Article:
Unsure of what to do after college, she received an invitation to go on an all-expense paid tour around Europe by a wealthy trustee of the college. Accompanied by two girls from California that she'd never met, Katherine Norton and Elizabeth Atsatt, she traveled through France, Italy and England for one year, having the opportunity of various home stays throughout the trip. Over the next few years, Ruth took up many different jobs. First she tried paid social work for the Charity Organization Society and she accepted a job as a teacher at the Westlake School for Girls in Los Angeles, California. While working there she gained her interest in Asia that would affect her choice of fieldwork as a working anthropologist. However, she was unhappy with this job as well and, after one year, left to teach English in Pasadena at the Orton School for Girls; these years were difficult, she suffered from depression and severe loneliness. However, through reading authors like Walt Whitman and Jefferies that stressed a
Eva and Franco Mattes are a duo of artists based in New York City. Since meeting in Berlin in 1994, they have never separated. Operating under the pseudonym 0100101110101101.org, they are counted among the pioneers of the Net Art movement and are renowned for their subversion of public media. They produce art involving the ethical and political issues arising from the inception of the Internet; the work investigates the fabrication of situations, where fiction merge into one. They are based in Brooklyn, New York, but travel throughout Europe and the United States. From 1995–97, the Mattes toured the world's most important museums in Europe and the United States, stole 50 fragments from well-known works by artists such as Duchamp, Kandinsky and Rauschenberg; this work, titled "Stolen Pieces", exhibited the stolen fragments in glass cabinets: a porcelain piece of Duchamp's urinal, skin from an Alberto Burri painting, etc. They have manipulated video games, internet technologies and street advertising to reveal truths concealed by contemporary society.
Their media facades were believable enough to elicit embarrassing reactions from governments, the public, the art world. In addition, they have orchestrated several unpredictable mass performances, staged outside art spaces, involved unwitting audiences in scenarios that mingle truth and falsehood to the point of being indistinguishable, their off-the-wall performances—for which they have been sued multiple times—include affixing fake architectural heritage plaques, rolling out a media campaign for a non-existent action movie and convincing the people of Vienna that Nike had purchased the city's historic Karlsplatz and was about to rename it "Nikeplatz". Their art has been featured at the Biennale of Sydney, Whitechapel Gallery, Hammer Museum, Los Angeles, Minneapolis Institute of Art, SITE Santa Fe, Sundance Film Festival, MoMA PS1, New York, New York, National Art Museum of China, Collection Lambert, New Museum, New York, Walker Art Center, Manifesta and the Venice Biennale; the couple first gained notoriety in 1998 by taking the domain name vaticano.org, in order to undermine the Catholic Church's official website.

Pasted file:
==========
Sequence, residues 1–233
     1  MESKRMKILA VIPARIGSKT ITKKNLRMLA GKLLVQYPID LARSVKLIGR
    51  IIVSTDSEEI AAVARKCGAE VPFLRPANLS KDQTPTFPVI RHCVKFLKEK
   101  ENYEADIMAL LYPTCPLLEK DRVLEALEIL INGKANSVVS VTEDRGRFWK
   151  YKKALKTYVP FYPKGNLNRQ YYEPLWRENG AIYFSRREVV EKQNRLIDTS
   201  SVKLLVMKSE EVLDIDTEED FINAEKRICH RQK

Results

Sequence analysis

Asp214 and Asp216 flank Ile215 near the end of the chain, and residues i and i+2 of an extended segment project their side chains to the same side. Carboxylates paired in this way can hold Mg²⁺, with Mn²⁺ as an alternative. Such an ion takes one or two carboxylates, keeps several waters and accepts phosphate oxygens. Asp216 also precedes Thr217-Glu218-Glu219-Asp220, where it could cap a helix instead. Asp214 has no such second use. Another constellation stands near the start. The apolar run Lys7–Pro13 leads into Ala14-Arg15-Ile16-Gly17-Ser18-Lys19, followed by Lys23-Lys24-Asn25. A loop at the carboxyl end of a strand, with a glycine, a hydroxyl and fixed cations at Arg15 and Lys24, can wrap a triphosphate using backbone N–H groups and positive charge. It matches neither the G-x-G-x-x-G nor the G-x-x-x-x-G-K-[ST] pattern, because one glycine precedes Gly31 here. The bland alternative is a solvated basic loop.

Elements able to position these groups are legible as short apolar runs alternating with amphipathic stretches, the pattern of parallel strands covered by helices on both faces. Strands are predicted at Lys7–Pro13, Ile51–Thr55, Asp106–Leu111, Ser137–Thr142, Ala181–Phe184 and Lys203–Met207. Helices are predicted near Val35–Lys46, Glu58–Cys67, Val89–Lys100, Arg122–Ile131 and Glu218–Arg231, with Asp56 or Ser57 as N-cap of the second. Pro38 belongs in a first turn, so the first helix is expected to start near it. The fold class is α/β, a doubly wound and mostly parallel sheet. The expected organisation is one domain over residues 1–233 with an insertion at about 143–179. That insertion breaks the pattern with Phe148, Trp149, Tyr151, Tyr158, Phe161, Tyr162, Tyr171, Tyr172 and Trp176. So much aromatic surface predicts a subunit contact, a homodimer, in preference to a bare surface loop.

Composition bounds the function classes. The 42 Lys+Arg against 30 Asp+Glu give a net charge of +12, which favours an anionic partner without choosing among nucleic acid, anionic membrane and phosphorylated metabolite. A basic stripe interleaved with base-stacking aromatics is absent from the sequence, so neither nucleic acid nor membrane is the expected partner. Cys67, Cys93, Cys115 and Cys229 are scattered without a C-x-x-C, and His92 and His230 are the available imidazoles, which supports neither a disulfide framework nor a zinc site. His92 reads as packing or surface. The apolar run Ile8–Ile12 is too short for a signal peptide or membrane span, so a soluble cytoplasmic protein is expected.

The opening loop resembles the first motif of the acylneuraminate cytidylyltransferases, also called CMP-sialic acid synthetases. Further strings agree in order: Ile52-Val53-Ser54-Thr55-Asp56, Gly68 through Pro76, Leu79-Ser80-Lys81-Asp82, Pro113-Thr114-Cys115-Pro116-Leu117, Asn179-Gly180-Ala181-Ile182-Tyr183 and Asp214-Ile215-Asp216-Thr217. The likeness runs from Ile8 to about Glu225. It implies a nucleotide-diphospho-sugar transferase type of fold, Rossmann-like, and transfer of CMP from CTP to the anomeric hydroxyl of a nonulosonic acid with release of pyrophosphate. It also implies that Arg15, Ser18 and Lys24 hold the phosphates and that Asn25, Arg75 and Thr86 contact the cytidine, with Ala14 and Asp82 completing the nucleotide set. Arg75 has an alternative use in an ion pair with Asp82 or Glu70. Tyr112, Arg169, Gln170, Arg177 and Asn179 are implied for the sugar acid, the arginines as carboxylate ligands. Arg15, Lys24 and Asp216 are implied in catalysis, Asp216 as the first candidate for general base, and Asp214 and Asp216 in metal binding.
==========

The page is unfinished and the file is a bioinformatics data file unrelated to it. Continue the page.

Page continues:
They went on a cloning spree and remixing other artists' works, e.g. Jodi.org. They targeted "closed" websites, such as Hell.com, thereby turning private art into public art. This activity is born out of their desire to create interactive works, they define this in an interview with Jaka Zelenznikar where they discuss audiences reaching a website, regardless of it being the subject of net.art or not, "by their mouse clicks they choose one of the routes fixed by the author, they only decide what to see before and what after". They argue that this is not true interactivity and compare it to a gallery space, suggesting that it too could be called interactive since one is able to decide what room to look at and when, their definition of interactivity is more associated with the freedom the user has to not only govern their own movements but to duplicate and simulate the subject matter. This includes doing something, not predicted by the author of the website, "the beholder becomes an artist and the artist becomes a beholder: a powerless witness of what happens to his work."